“I am a product […of] endless books. My father bought all the books he read and never got rid of any of them. There were books in the study, books in the drawing room, books in the cloakroom, books (two deep) in the great bookcase on the landing, books in a bedroom, books piled as high as my shoulder in the cistern attic, books of all kinds reflecting every transient stage of my parents’ interest, books readable and unreadable, books suitable for a child and books most emphatically not. Nothing was forbidden me. In the seemingly endless rainy afternoons I took volume after volume from the shelves. I had always the same certainty of finding a book that was new to me as a man who walks into a field has of finding a new blade of grass.”
— C.S. Lewis
C. S. Lewis continues to hold remarkable appeal to people from all walks of life, with books by and about Lewis remaining perennially popular. Mere Christians explores this influence through personal accounts from fifty-five Christians whose spiritual lives have been dramatically altered by reading Lewis’s books. The contributors include ordinary laypeople as well as well-known leaders and writers. This unique collection shines new light on the impact of Lewis’s work and will be of wide interest to his many fans.
In 1943 Great Britain, when hope and the moral fabric of society were threatened by the relentless inhumanity of global war, an Oxford don was invited to give a series of radio lectures addressing the central issues of Christianity. Over half a century after the original lectures, the topic retains it urgency. Expanded into book form, Mere Christianity never flinches as it sets out a rational basis for Christianity and builds an edifice of compassionate morality atop this foundation. As Mr. Lewis clearly demonstrates, Christianity is not a religion of flitting angels and blind faith, but of free will, an innate sense of justice and the grace of God.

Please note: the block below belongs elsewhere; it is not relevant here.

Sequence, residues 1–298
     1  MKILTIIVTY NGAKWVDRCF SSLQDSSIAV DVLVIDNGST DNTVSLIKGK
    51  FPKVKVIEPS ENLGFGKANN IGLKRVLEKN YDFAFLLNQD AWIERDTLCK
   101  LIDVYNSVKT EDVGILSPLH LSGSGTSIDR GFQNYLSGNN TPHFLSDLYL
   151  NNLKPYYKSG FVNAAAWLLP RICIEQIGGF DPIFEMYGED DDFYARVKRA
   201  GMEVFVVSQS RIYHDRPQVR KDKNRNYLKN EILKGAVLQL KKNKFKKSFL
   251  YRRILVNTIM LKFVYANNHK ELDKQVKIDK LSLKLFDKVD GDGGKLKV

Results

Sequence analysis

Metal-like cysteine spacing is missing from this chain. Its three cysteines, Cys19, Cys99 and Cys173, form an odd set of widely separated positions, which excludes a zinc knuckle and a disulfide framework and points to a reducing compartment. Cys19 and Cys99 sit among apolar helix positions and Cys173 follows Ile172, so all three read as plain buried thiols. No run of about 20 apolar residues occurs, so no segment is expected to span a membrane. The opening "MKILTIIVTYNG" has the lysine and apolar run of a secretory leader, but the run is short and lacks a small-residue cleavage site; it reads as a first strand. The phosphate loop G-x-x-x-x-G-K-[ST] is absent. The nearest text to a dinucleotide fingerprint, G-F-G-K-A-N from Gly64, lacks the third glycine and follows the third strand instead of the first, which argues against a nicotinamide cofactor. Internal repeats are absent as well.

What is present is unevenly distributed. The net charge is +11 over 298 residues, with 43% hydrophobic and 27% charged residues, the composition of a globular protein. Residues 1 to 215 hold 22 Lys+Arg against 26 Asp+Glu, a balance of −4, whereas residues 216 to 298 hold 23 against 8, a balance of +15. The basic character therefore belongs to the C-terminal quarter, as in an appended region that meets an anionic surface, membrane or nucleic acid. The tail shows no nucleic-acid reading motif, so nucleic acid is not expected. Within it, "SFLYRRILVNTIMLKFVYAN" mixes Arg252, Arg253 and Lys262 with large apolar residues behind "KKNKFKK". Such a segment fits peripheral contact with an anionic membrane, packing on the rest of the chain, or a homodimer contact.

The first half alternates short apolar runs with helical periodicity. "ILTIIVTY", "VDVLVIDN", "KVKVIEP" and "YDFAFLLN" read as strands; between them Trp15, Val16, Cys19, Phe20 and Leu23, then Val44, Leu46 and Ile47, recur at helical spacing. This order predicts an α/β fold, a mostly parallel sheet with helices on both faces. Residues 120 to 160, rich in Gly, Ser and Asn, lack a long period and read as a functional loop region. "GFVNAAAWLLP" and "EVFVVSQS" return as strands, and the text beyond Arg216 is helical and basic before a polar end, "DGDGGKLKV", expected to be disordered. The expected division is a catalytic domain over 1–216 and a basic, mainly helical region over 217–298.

In The Company They Keep, Diana Pavlac Glyer gives an inside look at the many ways that C.S. Lewis, J.R.R. Tolkien, and the other Inklings encouraged, challenged, and inspired one another as they worked together on the books they were writing. Glyer spent more than twenty years studying their manuscripts, letters, diaries, and other primary sources, and the rewards of this extensive research are evident on every page. But the real appeal of The Company They Keep is the way she tells their story, sweeping readers up into this tale of creativity in community. This book provides insight and inspiration for all who love imaginative literature and want to know more about the authors who create it.